Three Strikes and You’re Out
A new “Three Strikes Reform” initiative was filed with the California Attorney General’s office last month. It has been reported that Steve Cooley is being recruited to back this initiative and Ace Smith (Kamala Harris’s campaign manager) will head up the campaign. We predict this is a political stunt for Steve Cooley to re-enter the District Attorney’s race in 2012, despite his announcements he will not run. It is odd that Ace Smith would work so closely with Steve Cooley afer he criticized Cooley’s Attorney General campaign with such vehemence. We predict Cooley is getting cozy with the reformers so he can use this platform to get into the DAs race for 2012 and say he is going to save the prison overcrowding crisis, when in fact the prison overcrowding crisis is one in which Steve Cooley and his faulty policies created.
Victims remember that Steve Cooley was one of the last people to oppose Prop 66 in 2004. Both Republicans and Democrats opposed Proposition 66 including former Governors Arnold Schwarzenneger, Jerry Brown, Pete Wilson, Gray Davis and George Deukmejian. The four page article the below author refers to is one Steve Ipsen wrote and mentions some of the criminals that would have benefited by Prop 66. Charles Manson was featured highlighting his 14 “Strikes” that would have been reduced from 14 to one. A man who raped his own mother was pictured on the front page along with a man who poured gasoline on his own son and lit him on fire. It is wise for the legislative writers at Stanford to take into account the problems with Proposition 66, when considering their new law, because victims are watching very closely. Steve Ipsen has been a strong victim’s advocate and is proposing criminal justice reform for low-level and nonviolent offenders. At least “Reform First” is proposed by someone victims can trust to look out for them and he is a “Fair and For the People” prosecutor. Compared to the natorius Alan Jackson who recently violated Marsy’s Law, then refused to apoligize to the victims after he failed to notify the victims, when he reduced a capital murder case to manslaughter, giving the murderer six years instead of the death penalty. In reflection, it was only a matter of time before a new “Three-Strikes” law would again appear before the voters of California. “Three-Strikes” was written after the brutal murder of Kimber Reynolds. Her father Mike Reynolds changed the history of California criminal law, aimed at protecting society from other victims. Also worth remembering is the blistering attack video and add Kamala Harris launched against Steve Cooley in the race for Attorney General of California where Steve Cooley lost overwhelmingly in LA County by over 65% of the vote. When refering to Jessica’s Law, Steve Cooley was recorded saying that if you want to write a law in California “name it after a female”. Unbecoming of an elected official if you ask victims. Mike Reynolds reports disappointment in Steve Cooley in the way he prosecutes “Three Strikes” cases. Recently, and infamously, John Ewell was the beneficiary of Steve Cooley and Jackie Lacey’s failure to follow “Three Strikes”. Ewell later murdered four people.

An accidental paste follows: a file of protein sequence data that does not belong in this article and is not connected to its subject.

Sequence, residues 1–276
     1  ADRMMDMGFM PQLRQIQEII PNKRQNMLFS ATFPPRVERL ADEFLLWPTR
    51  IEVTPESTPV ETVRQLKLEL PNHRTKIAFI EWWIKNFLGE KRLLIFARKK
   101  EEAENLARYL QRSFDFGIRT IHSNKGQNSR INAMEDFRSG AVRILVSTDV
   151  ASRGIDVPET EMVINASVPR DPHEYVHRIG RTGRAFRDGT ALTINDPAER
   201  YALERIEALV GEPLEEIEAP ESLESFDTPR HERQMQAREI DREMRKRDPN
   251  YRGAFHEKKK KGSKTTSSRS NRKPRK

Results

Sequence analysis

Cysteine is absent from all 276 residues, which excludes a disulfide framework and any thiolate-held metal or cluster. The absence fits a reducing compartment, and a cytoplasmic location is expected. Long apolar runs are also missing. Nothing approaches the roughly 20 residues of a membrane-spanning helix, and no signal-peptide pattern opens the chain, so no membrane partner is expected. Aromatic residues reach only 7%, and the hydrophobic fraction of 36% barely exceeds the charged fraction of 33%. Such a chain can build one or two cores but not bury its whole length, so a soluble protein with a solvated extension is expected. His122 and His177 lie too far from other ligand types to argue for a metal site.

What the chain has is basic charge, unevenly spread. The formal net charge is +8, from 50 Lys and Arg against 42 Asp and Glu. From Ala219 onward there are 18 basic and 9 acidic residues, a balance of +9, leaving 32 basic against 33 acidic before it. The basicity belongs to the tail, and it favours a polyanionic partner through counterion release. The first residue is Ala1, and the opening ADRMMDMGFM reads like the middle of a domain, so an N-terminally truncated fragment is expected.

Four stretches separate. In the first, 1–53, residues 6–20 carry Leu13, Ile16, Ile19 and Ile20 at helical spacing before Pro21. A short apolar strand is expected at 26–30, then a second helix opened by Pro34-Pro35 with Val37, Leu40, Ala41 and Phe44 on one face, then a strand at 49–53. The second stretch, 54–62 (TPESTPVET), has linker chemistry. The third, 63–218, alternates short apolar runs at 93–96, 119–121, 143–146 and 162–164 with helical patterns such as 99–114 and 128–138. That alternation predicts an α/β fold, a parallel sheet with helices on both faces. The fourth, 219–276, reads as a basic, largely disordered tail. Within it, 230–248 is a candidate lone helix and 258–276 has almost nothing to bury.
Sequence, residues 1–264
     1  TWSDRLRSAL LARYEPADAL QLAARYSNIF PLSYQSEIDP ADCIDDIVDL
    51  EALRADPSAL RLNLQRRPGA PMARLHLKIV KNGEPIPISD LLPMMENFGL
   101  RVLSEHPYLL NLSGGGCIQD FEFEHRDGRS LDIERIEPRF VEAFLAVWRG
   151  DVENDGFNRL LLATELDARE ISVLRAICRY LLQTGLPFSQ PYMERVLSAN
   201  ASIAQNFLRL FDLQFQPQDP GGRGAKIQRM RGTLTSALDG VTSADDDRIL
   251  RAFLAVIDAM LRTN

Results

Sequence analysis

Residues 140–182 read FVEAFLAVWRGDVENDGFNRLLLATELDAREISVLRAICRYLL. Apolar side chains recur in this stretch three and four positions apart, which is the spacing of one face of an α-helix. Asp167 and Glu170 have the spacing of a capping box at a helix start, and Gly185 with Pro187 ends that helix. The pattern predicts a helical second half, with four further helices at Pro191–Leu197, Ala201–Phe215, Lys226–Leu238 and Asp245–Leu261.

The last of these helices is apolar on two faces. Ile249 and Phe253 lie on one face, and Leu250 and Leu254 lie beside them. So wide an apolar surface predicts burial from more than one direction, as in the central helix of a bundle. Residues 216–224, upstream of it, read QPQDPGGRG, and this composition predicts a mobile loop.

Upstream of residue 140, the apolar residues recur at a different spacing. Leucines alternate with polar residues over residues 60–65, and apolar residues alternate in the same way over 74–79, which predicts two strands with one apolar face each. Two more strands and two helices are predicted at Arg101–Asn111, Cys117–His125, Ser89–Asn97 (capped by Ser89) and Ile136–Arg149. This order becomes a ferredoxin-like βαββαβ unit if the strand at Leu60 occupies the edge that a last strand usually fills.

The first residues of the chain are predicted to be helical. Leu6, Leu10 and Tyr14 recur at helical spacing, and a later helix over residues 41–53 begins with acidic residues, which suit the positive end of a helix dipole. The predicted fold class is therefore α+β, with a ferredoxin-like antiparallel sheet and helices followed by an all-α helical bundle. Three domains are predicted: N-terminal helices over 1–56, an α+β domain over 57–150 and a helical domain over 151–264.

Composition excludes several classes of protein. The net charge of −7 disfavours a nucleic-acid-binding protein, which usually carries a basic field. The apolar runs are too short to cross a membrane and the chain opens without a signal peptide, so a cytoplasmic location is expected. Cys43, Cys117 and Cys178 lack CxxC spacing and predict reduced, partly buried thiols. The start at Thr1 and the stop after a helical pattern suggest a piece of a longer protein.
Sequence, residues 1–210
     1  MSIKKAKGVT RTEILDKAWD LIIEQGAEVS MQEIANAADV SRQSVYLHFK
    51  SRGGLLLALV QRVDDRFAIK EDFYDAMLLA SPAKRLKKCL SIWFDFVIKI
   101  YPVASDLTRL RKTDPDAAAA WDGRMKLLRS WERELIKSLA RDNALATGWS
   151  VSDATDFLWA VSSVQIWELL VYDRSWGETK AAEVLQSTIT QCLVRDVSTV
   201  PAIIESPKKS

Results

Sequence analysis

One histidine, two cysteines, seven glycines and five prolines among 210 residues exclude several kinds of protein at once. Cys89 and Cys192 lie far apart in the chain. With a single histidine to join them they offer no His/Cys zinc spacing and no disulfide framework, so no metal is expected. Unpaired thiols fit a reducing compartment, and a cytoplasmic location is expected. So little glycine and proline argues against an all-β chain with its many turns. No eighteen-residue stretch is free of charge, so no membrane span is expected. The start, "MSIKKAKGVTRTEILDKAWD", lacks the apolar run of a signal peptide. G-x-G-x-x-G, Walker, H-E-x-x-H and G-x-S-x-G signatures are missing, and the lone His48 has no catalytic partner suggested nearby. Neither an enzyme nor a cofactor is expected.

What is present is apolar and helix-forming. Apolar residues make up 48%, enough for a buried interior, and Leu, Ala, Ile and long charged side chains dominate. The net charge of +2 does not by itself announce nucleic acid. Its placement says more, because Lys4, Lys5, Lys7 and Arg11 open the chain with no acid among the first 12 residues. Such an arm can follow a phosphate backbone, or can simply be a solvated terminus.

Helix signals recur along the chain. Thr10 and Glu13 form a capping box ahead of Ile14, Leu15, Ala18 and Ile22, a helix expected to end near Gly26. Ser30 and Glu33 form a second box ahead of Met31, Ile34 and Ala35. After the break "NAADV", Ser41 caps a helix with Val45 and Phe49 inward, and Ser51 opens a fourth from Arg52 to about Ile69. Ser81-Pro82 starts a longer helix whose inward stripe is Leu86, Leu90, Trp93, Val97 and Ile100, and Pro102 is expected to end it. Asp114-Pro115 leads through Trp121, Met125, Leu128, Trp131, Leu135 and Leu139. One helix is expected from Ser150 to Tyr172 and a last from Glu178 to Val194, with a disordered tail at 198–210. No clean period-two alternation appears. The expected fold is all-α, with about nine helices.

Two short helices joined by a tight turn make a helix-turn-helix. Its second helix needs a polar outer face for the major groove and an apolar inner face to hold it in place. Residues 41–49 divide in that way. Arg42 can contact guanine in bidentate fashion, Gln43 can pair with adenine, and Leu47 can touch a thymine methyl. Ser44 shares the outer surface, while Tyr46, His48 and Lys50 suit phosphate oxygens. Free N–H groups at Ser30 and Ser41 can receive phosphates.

By Ryan Gabrielson (California Watch)
SACRAMENTO, Calif. (KABC) — A pair of Stanford University law professors spent months this year writing ballot language to narrow, ever so slightly, California’s three strikes sentencing law.
The result is the “Three Strikes Reform Act of 2012,” which is now under legal review by the state attorney general’s office. It aims to remove courts’ authority to sentence convicts to 25 years to life in prison when their crimes have been neither violent nor serious.